If I had to ball-park, I'd say your consensus time in the pure-VM environment would probably be within, oh, 30 to 100ms of true. In a purely physical environment, your consensus time would probably be within 10ms once the time servers had been up long enough for time to settle.

  • 1
    I'm fairly certain that I want at least three, not just two local NTP servers. How would a client disambiguate between just two? Jan 26, 2010 at 22:42
  • You need a minimum of four for some arcane reason. That said, we just have two internal servers which are synced to half a dozen external servers (and their local clocks as backups). Works well enough for us.
    – James
    Jan 26, 2010 at 23:29
  • James A Rosen - That's the joy of the peer-group configuration. So long as at least one member of the peer group has an outside connection and is in-sync, the entire peer-group is in-sync. Clients may degrade a stratum, but at least they don't go out-of-sync. Have three in the peer group? No problem.
    – sysadmin1138
    Jan 29, 2010 at 16:58
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    Regarding the number of servers you need, it's all here: support.ntp.org. If you list just one, there can be no question which will be considered to be "right" or "wrong". [...] With two, it is impossible to tell which one is better [...]. This is actually the worst possible configuration [...]. With three servers, you have the minimum number of time sources [...] This configuration provides no redundancy. With at least four upstream servers, [...] ntpd will have a sufficient number of sources to choose from.
    – Mathieu
    Apr 7, 2015 at 11:44
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    @JamesA.Rosen - This should no longer be the accepted answer, as it is rather out-of-date - see point 1 of this answer and this comment. Instead, it would seem better to accept this answer to your question. Apr 11 at 7:25

See the vmware timekeeping document. Running a NTP daemon in a VM is probably not a good idea, particularly if you need reliable time.

  • 2
    Haha - "particularly if you need reliable time"
    – squillman
    Jan 26, 2010 at 18:34
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    I could not agree with you more, in fact I can't think of a single server less appropriate to run in a VM :)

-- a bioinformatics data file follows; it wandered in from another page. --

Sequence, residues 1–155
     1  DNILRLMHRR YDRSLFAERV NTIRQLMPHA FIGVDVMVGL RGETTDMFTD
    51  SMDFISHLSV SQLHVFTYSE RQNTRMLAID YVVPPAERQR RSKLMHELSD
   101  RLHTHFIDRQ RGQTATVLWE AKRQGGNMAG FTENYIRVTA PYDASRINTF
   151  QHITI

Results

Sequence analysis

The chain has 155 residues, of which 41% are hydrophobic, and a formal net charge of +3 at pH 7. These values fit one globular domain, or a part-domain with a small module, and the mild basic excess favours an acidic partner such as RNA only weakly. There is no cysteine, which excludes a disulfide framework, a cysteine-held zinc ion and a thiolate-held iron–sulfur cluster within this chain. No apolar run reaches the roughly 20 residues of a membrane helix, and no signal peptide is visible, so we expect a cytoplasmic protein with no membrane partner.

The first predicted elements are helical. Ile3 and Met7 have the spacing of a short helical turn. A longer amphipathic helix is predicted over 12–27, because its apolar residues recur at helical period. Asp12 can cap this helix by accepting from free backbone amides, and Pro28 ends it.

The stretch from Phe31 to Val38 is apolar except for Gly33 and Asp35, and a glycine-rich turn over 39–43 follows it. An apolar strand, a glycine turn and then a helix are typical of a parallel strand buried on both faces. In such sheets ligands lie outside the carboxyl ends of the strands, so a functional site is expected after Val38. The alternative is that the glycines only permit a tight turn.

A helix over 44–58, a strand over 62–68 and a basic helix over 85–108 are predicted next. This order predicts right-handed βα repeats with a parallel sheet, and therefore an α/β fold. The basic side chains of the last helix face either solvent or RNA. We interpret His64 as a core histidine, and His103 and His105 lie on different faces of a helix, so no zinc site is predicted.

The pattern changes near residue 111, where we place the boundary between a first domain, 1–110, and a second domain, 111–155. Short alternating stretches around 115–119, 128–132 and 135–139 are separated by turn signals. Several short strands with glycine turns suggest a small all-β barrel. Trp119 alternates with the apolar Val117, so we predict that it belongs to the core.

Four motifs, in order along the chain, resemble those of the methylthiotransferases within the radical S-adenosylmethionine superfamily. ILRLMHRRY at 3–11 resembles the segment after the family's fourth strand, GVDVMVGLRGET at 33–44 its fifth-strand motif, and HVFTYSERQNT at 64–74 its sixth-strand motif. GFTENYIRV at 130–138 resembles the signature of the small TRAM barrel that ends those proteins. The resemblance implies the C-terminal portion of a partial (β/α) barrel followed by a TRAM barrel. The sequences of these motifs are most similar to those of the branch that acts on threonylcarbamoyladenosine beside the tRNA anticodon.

– Chopper3
    Jan 26, 2010 at 19:21

unfortunately ntp and virtualisation does not go very well together. clients are ok in most cases, however ntp server (esp str2 and above) generally won't work reliably on virtual server.

i'm commenting from xen and xen enterprise perspective, but i believe vmware/kvm will be just the same.

re different servers, yes, you are right, ideally they should be in different environments as well, so that temp/humidity are not affecting the accuracy either, but at least i don't bother with that. also don't forget that whatever you do it still be not as accurate as proper atomic clock, so just accept this (very slight) deviation.


Running NTP in a virtualised environment, you'll be luck to achieve 20ms accuracy (that's what we've done using VMware). The virtualised clock skew is bad, particularly in a virtualised environment with resource contention.

It depends on how accurate you need to be. If you only care about to the second (EG for web servers) you'll likely be fine, as long as you dont have resource contention. If you want millisecond accuracy (such as a busy database, log server, research project) then forget virtualised time servers.

NTP servers should always be on physical hosts. You should have at least 3 of them peering in a pool (so that one rogue server gets voted down by the pool); and if possible, get their time from GPS or other local tier-0 source rather than over the Internet.

  • Note that this advice is already 10 years old. Nowadays, VMware (and cloud services) are a whole lot better at handling clock synchronisation. Depending on your accuracy requirements, there are also sufficient tier-0/1 sources over the internet to use reliably. While I have still had issues with time sync under VMware these have been either due to heavily-loaded hosts,.or where both ESX time sync AND NTP have accidentally been enabled at the same time. Apr 17 at 4:22